Case details

Plaintiff: Collision caused brain injury and wrist fracture





Result type

Not present

back, blunt force trauma to the head, brain, cognition, concentration, concussion, fracture, head, headaches, impairment, mental, neck, psychological, right shoulder, right wrist, shoulder, wrist
On March 3, 2010, plaintiff Glen Wayne Campbell, Jr., 52, a spotter for Vons, was driving his pickup truck on westbound Interstate 210 in Los Angeles. At approximately 12:45 p.m., while traveling in the number 5 lane just west of the Lake Avenue off-ramp, Campbell was rear-ended by a freightliner combination truck operated by Lenora Ann Shock. The impact caused Campbell’s truck to roll over and come to rest on its roof. He claimed to his head, right wrist, right shoulder, neck, and back. Campbell sued Shock and NFI Interactive Logistics LLC, Shock’s employer and owner of the freightliner. Campbell alleged that Shock was negligent in the operation of the freightliner and that NFI was vicariously liable for her actions. Campbell claimed he was wearing his seat belt and traveling at 20 mph in heavy traffic when he looked in his rear view mirror and saw Shock approaching fast, with seemingly no intention to slow down or stop. He alleged that Shock was going too fast. The responding highway patrol officer also found Shock in violation of driving too fast in relation to traffic conditions. Shock and NFI admitted liability three years after the accident, and the matter proceeded to a trial on damages only., At the accident scene, Campbell was placed on backboard in full spinal precautions and then taken by ambulance to an emergency room. His initial complaints at the hospital included right shoulder pain with numbness and diminished strength down to his right hand. Campbell was diagnosed with blunt-force trauma to his head, a right wrist fracture, and an eyebrow contusion. On March 11, 2010, Campbell treated with his family doctor and was referred to an orthopedic surgeon for his wrist fracture, which was casted. He was then referred for chiropractic care to treat his ongoing neck and back complaints, and was recommended a neurologist for complaints related to his head injury, which included headaches, dizziness, and difficulty with memory and concentration. On April 6, 2010, Campbell was diagnosed with a concussion and placed on total disability from work. In late May 2010, after his wrist cast was removed, Campbell returned to work for two weeks, but missed seven of those days due to continued dizziness and headaches. He then went back on total disability until April 18, 2011, when he was released back to work with significant improvement. Campbell claimed he had to halt several pre-accident activities, including riding his motorcycle and taking his motor home on camping and fishing trips with his family. As a result, he sold both vehicles. Campbell also claimed he began secluding himself in his room and stopped taking care of his house/lawn, having barbecues, or socializing with friends and family. When his wife passed away in March 27, 2011, his state worsened. A pre-trial comprehensive evaluation revealed that Campbell was still suffering symptoms of a mild to moderate brain injury, including continued dizziness and headaches, as well as difficulty with memory, focus and concentration. Campbell sought recovery of $92,388.78 in past medical costs, $59,029 in past lost earnings and $4,493 in property damage. He also sought recovery of future medical costs for a possible neck surgery and future lost earnings for a possible early retirement. In addition, he sought recovery of damages for his past and future pain and suffering. Thus, during closing arguments, plaintiff’s counsel asked the jury to award Campbell up to $10 million in total damages. Defense counsel argued that while Campbell did suffer a mild brain injury, his symptoms resolved about one year after the accident. The defense’s expert psychiatrist opined that Campbell was suffering from depression resulting from cognitive deficits due to the loss of his wife one year after the accident. The defense’s expert neuropsychologist opined that Campbell may or may not have suffered from a brain injury and that if he had, Campbell’s deficits were mild and due to depression caused by his wife’s death. In addition, the defense’s expert neuroradiologist testified that Campbell’s brain MRI scan, done with a 3.0 Tesla scanner using susceptibility-weighted imaging resolution, did not show a brain injury. In addition, defense counsel contended that Campbell returned to work one year after the accident and had continued to work full-time, driving roughly 3.5 hours total during his commute.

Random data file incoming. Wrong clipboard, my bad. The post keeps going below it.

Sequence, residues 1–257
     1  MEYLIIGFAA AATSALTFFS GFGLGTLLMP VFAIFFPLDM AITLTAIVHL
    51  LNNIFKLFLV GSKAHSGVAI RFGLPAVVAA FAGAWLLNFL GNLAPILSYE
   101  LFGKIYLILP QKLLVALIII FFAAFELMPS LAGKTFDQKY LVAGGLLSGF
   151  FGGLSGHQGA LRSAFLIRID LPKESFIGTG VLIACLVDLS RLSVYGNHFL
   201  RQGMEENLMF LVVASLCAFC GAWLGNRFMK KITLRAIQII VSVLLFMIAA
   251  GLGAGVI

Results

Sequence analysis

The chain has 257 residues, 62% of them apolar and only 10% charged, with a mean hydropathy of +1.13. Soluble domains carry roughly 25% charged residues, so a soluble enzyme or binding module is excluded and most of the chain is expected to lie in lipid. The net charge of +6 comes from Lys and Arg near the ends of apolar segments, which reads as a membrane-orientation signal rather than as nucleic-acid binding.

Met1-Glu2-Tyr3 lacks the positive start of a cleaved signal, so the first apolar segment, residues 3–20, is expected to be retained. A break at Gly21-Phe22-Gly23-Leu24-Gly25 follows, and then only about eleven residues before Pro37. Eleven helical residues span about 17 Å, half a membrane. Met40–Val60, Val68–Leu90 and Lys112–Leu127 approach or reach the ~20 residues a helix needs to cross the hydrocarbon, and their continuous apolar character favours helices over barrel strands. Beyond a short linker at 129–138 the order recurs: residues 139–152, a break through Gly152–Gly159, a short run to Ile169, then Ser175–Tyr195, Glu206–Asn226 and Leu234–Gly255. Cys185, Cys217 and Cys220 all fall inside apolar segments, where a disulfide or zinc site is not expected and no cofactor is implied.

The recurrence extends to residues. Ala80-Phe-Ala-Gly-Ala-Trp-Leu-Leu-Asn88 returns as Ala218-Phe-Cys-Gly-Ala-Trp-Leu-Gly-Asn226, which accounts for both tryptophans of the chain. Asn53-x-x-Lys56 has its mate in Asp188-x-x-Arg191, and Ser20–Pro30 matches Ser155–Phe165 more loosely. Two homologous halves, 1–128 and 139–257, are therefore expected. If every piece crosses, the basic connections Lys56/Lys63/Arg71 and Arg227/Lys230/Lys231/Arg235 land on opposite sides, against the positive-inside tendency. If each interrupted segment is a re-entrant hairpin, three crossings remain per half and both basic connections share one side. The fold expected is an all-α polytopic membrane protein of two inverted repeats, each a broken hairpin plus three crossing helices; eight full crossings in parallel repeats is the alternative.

Superior Court of Los Angeles County, Chatsworth, CA

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